Charts, Storms, Law, Go, Children

What Does Your Chart Say?

Andrew Gelman & Jessica Hullman | Wired | 25th August 2020

A thinking person's introduction to data visualisation. We make graphs for two reasons: To spot something new in our data, and to communicate our findings to others. Modern statistical displays of data  — grids of scatterplots for inspecting correlations, for example — succeed by "being transparent and allowing trends in the data to stand out". Classic data visualisations, by contrast, often succeed by being "a bit opaque — a puzzle that a reader figures out" (2,100 words)

The Making Of A Disaster

Andy Horowitz | Lapham's Quarterly | 7th July 2020

What Hurricane Katrina teaches us about disasters. There is rarely such a thing as an entirely "natural" disaster. Even when nature is the proximate cause of a disaster, as with Katrina, the effects are almost always a function of human preparedness and human solidarity. "When people with power seem to recover quickly, [they] celebrate themselves for beating the odds, without acknowledging the ways that history had loaded the dice in their favor" (1,950 words)

Murder In Space

Sam Kean | Slate | 15th July 2020

What happens if you murder somebody in a place with no laws? There was something of a test case in 1970 when one civilian killed another at a US Army research station on an ice floe near the North Pole. The floe was outside any territorial waters; the Law of the Sea applied only to navigable waters, which these were not; America decided to pursue and prosecute the killer anyway; he got off. Next question: How will we deal with the first murder in Space? (2,220 words)                  

The Impact Of AlphaGo

Hajin Lee | Medium | 23rd August 2020

The life of a Go player was "considered similar to that of a philosopher, a scholar, an artist, or a monk" — at least until 2016, when a computer programmed by Google beat the world's top human player and thereby plunged professional Go players into an existential crisis. Many have abandoned the game. Those who continue to play are changing their style. "On the pro circuit, it’s a unanimous belief that you need to play like an AI to win" (1,020 words)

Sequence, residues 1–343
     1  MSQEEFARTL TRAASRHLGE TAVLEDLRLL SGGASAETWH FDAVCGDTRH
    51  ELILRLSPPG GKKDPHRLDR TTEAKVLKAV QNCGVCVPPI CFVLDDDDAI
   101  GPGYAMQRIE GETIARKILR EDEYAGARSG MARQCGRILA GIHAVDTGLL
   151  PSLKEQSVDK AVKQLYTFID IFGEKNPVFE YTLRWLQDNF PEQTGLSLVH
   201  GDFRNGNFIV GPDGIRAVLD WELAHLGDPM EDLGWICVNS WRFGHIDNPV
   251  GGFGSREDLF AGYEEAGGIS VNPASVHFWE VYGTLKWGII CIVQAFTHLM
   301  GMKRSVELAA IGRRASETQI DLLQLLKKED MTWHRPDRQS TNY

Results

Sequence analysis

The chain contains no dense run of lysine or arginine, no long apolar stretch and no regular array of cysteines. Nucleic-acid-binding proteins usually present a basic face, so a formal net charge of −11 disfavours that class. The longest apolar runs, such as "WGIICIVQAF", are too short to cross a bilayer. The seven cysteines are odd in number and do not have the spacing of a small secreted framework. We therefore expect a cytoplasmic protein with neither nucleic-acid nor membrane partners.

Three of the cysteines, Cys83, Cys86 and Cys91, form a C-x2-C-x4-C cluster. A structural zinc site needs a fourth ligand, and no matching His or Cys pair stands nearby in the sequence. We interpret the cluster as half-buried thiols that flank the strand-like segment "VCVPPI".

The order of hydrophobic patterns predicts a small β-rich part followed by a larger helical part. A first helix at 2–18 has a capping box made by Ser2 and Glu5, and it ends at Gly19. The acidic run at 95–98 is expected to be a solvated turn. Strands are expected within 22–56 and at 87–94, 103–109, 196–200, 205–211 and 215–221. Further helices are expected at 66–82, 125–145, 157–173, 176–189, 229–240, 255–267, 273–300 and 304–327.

Notes On The Anthropology of Childhood

Julia Wise | The Whole Sky | 27th August 2020

An American mother reads David Lancy's Anthropology Of Childhood, and finds herself reappraising her own parenting habits. "A few things that shifted for me: I feel less obliged to entertain my children and intervene in their conflicts; I feel some relief that not having endless patience for toddlers seems to be normal; it surprised me that childcare by non-parents was so common; I was surprised at how apparently universal it is for fathers to be uninvolved" (13,800 words)

Video: Wandaland | Richard Noble. Animation. The rise and fall of a fictitious media tycoon — imagine Walt Disney crossed with Charles Foster Kane (6m 07s)

Audio: The Tyranny Of Merit | TED. Michael Sandel on why meritocracy sounds like a good idea in principle, but leads to perverse results in practice (9m 11s)

Afterthought: "Chaos breeds geniuses. It offers something to be a genius about" — B. F. Skinner

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